All the people who volunteer their time on unglamorous tasks that don’t get you credits in a WordPress release, like answering forum & IRC support questions, writing handbooks, editing the Codex, advocating accessibility, and translating everything.

What new feature would you like to see in the future?

I would love to see some improvements to the theme repo on WordPress.org that would bring it more in line with the plugin repo, like the ability to display tabs for an FAQ and screenshots. Being able to give users more information up front about how to set up a theme properly – apart from the readme file – would be extremely helpful.

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Speaker Spotlight: Julie Cloutier!

93cf35579ed62e7569b9c83fc246f50bJulie Cloutier is a Web/Graphic designer with 15 years of experience. She founded JC design in 2004. Since 2011, she has been building WordPress websites using the Thesis theme. Aside from her work, she has a passion for trail running.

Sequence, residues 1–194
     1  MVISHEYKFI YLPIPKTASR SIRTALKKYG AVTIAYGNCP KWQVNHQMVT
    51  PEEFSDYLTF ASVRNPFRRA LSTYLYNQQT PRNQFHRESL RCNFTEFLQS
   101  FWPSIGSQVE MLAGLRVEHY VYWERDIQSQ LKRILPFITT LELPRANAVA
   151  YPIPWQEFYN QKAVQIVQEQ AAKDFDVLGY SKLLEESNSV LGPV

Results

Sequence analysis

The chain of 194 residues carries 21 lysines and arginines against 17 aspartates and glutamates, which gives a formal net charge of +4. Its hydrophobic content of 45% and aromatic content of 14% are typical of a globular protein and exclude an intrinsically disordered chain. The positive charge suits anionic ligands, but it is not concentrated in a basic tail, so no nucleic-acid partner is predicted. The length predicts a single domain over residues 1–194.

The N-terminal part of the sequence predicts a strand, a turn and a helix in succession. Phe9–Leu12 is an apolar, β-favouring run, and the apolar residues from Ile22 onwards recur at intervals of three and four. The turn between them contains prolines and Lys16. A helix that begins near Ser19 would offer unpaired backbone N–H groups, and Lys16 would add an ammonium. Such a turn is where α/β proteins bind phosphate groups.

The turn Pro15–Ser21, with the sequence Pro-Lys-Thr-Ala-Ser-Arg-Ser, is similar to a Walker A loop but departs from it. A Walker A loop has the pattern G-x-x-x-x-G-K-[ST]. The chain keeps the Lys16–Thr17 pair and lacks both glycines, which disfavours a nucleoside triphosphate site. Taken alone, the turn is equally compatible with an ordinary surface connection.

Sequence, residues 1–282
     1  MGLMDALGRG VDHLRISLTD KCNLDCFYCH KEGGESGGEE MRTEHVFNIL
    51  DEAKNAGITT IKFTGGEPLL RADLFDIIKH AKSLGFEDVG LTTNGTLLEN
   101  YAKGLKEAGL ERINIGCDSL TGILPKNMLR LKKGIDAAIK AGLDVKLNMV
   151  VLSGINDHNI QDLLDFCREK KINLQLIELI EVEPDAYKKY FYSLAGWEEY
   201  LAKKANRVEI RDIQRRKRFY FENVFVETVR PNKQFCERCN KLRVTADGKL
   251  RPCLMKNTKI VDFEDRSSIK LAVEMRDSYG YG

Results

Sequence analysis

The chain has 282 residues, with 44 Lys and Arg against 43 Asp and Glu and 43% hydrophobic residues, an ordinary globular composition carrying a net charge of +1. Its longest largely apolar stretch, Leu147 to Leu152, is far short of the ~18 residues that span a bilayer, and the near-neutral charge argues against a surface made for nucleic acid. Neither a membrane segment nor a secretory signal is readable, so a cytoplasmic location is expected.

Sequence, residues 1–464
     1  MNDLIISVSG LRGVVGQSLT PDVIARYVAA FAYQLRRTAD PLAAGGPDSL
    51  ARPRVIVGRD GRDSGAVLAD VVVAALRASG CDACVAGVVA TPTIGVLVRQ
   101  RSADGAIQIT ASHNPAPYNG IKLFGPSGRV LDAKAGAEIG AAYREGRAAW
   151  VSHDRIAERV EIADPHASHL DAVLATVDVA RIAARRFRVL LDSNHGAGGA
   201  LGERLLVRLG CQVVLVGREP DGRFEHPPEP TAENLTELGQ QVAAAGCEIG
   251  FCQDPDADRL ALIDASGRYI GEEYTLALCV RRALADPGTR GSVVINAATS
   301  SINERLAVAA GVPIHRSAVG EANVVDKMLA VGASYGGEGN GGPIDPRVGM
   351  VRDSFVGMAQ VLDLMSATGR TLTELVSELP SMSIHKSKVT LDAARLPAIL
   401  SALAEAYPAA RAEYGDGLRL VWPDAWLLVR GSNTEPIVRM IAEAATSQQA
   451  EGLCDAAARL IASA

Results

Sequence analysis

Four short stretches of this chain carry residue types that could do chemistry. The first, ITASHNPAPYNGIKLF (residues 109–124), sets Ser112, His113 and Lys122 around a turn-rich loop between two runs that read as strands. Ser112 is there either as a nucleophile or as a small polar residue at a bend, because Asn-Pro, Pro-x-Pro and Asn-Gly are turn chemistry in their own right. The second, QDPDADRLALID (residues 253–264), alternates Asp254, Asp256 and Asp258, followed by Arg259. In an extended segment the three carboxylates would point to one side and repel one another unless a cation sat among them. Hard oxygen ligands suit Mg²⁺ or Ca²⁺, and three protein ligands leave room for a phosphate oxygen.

Follow @jcloutierdesign on Twitter.

Julie will be of panel titled “How To Get Started Building Custom Websites with WordPress“.


What is your favorite improvement to WordPress this past year?

The automatic update, I don’t know if it has been a year since it was implemented but I love this feature.

Why did you decide to speak at WordCamp Montreal?

When I started with WordPress I had trouble finding out how to create a custom design website with WordPress. I wish there had been more information about it then so I thought our panel of speakers could be very useful for a lot of people.

What is your talk going to be about?